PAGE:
Saturday, April 17, 2010

Keep it down, lads

A friend is leaving Hong Kong this weekend to return to NYC, so he held a party in Bassment, a bar down on Lyndhurst Terrace.  It was a traditional Hong Kong expat party; a bar with a single barman trying to keep up with dozens of demands for booze, a sound system that pumped bass out hard enough to ruffle the hair on your head, and an inflatable plastic penis.

And, finally, with the arrival of the police to ask to keep the noise down, it attained its status as a proper Hong Kong social gathering.  No bar in Hong Kong can go on for long without a visit from a couple of annoyed looking men in blue shirts, dragged down by the complaints of somebody who can't stand the noise.

Although Hong Kong is a noisy place, and I do wonder why, if you live right on top of a bar in a district filled with bars, why you made the choice to be there.  If you didn't like the sounds of people being drunk and shouty, there were other places you could live.

Or maybe not.  If you moved to Happy Valley like me to avoid the constant din, you could still get woken up by the formidable bass from the karaoke joint three floors beneath me, which seems to use the flats immediately below mine as some kind of resonator, the better to pump loud Cantonese pop into my bedroom.  Not that I'd ever complain, as half the time there seem to be officious men with earpieces standing outside the karaoke bar, as though one of the patrons is somebody Really Important who should not be disturbed from his hobby.  Of disturbing my sleep.  But then everyone has to have a hobby, right?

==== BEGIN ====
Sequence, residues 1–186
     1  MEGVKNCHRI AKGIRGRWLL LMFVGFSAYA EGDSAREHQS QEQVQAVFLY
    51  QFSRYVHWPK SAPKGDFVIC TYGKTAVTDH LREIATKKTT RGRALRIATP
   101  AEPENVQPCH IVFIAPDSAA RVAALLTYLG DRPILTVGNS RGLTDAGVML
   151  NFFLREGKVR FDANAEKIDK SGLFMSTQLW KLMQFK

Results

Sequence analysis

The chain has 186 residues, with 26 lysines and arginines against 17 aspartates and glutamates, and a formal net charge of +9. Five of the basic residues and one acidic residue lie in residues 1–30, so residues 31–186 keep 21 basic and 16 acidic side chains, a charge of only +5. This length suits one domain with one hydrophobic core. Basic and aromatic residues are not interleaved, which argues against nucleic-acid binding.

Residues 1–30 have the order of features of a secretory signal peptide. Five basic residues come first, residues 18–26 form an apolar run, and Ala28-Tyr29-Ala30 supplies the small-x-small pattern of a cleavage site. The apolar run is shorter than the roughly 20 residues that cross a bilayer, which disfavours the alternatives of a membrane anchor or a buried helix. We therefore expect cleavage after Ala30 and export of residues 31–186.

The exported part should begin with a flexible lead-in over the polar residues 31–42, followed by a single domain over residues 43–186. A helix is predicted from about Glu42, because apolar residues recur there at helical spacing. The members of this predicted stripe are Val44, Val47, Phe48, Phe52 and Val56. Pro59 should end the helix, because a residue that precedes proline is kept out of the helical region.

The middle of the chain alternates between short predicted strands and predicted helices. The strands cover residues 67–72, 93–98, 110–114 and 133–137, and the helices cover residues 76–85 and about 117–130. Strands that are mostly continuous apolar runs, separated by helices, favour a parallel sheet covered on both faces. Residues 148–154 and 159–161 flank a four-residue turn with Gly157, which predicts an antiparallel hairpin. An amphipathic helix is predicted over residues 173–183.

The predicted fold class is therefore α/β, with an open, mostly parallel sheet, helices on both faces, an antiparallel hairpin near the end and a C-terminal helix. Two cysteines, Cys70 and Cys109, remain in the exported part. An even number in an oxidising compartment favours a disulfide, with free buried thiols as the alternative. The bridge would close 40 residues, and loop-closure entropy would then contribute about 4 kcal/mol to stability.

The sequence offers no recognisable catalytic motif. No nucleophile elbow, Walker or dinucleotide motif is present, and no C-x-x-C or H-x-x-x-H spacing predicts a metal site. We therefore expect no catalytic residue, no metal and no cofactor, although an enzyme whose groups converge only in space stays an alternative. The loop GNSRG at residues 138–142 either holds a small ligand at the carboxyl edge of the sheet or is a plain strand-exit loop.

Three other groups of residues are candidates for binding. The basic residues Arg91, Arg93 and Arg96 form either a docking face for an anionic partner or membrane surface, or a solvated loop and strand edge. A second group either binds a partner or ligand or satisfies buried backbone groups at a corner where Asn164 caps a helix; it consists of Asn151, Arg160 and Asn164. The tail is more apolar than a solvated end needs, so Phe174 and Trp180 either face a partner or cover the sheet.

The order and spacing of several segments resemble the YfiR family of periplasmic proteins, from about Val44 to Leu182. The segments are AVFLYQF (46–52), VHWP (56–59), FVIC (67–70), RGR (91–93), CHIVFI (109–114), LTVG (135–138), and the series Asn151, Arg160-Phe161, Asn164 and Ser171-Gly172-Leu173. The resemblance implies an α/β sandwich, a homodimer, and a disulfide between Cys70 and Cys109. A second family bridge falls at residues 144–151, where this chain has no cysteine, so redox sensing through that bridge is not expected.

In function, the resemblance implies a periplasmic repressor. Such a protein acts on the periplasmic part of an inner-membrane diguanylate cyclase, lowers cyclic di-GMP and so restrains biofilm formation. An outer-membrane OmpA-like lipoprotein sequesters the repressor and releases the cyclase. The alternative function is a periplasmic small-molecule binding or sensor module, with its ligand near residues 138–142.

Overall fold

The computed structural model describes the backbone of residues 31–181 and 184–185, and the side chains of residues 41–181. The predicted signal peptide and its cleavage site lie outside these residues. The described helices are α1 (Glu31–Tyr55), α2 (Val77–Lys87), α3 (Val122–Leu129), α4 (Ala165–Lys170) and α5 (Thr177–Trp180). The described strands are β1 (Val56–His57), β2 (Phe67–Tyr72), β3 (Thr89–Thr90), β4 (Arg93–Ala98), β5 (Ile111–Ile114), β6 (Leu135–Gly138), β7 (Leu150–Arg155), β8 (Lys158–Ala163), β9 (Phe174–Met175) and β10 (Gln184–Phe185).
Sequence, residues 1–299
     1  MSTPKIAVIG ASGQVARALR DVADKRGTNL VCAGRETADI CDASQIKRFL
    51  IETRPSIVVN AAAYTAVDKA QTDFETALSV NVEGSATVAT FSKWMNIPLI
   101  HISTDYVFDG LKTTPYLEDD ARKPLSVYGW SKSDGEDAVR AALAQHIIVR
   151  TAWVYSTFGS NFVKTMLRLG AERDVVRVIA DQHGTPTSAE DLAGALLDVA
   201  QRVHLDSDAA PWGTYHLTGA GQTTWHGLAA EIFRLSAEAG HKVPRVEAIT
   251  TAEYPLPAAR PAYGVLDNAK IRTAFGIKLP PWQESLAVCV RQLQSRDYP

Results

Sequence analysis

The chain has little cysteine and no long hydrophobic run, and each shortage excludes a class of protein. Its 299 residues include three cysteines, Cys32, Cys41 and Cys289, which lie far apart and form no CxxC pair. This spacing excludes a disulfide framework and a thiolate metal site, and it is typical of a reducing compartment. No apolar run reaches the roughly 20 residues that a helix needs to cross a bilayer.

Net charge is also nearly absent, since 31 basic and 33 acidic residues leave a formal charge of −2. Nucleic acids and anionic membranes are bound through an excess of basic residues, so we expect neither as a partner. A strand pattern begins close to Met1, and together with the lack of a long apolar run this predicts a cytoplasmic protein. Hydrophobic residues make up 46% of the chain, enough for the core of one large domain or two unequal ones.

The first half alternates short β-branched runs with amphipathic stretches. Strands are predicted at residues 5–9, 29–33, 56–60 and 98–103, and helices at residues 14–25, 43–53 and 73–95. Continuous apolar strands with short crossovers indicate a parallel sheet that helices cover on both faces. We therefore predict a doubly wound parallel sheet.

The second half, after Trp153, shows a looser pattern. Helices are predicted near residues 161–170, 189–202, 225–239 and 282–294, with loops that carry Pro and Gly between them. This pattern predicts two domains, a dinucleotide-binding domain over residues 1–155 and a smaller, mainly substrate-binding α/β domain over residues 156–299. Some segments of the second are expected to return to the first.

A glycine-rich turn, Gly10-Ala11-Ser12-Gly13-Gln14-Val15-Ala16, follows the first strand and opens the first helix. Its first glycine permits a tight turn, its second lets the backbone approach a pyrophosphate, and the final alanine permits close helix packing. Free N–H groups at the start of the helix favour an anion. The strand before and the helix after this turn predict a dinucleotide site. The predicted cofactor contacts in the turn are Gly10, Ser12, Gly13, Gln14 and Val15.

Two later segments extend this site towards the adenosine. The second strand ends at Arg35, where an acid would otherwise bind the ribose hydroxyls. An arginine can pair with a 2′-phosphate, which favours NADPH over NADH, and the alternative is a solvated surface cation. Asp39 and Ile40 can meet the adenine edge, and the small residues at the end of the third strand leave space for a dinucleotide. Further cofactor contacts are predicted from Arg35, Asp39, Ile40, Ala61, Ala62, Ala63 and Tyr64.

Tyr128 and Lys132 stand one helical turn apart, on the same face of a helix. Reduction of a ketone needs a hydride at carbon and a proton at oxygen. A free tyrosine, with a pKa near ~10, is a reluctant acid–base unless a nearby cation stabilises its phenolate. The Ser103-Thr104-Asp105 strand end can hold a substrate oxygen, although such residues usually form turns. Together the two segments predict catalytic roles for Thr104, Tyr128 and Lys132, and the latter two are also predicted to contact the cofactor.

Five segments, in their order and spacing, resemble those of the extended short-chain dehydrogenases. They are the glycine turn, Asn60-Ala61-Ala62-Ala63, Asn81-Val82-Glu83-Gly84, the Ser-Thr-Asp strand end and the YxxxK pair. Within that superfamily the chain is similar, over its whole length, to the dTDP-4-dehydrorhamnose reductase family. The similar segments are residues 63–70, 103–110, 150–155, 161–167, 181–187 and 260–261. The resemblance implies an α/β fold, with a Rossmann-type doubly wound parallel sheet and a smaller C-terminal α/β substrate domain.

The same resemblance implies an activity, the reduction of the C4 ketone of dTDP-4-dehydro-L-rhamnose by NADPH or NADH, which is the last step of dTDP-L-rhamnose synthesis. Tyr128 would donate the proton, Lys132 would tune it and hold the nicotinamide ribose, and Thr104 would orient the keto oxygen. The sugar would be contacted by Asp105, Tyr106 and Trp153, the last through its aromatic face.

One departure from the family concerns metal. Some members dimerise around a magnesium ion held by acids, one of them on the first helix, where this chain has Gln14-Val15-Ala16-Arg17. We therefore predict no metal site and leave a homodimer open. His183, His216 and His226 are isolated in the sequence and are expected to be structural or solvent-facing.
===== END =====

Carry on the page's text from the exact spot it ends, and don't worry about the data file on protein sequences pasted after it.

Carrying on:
I'd fled from the bar as the police were arriving - I wanted to get home and go to sleep watch a Jean-Claude Van Damme film.  I'm watching JCVD, and it supplies guilty pleasures (an opening five minute sequence of the eponymous Belgian kicking, punching and stabbing his way through a warehouse of victims) with the kind of knowing irony that allows you to enjoy the film while pretending you're not taking the whole thing seriously.

Well, at least it's not Steven Seagal.

(Although every time I watch a Seagal movie, I miss the first ten minutes, then spend the next half hour thinking this is an expert pastiche, satirising the ridiculousness of the ponytailed aikido wonderman, and then realise that it's not a satire, it's just Steven Seagal, with a beard.  Or a squeaky leather jacket.  Oh, the perils of tardiness and late-night movies on HBO.)

Sadly, in my rush to leave, I'd missed out on the policemen's reaction to the inflatable penis.  This was something I had wanted to observe.  Many years ago I'd been in a taxi in the Lake District, being driven with a friend to the Fighting Cocks, to see a Blues Brothers cover band play and drink enough to reduce myself to a quivering mess of humanity.  The taxi driver had thought a Blues Brothers cover band was a capital idea.  And then I'd piped up and said "yes, and half way through they lower a giant plastic penis from the ceiling."

The taxi driver said "you're in Arnside now" and never spoke another word.  He'd been quite garrulous up to that point.

I'm still not sure whether I'd offended him because of his attitude to giant plastic penii, or because I was a naive Southerner, who didn't realise that pubs in Arnside failed to be equipped with even the most basic lowering-plastic-penis-from-the-ceiling apparatus.  There wasn't a giant plastic penis in support of Blues Brothers 3000, and I never had the pluck to ask him, and I've not been back to Arnside since, so I'll never really know.  These are the mysteries that dog you.

Tomorrow I will try to research more carefully the outcome of the policemen's visit.  For now, I'm lying low.  Or taking my parents to the exciting tourist attraction that is the Wan Chai Computer Centre.  I'm such a good son, I really am.


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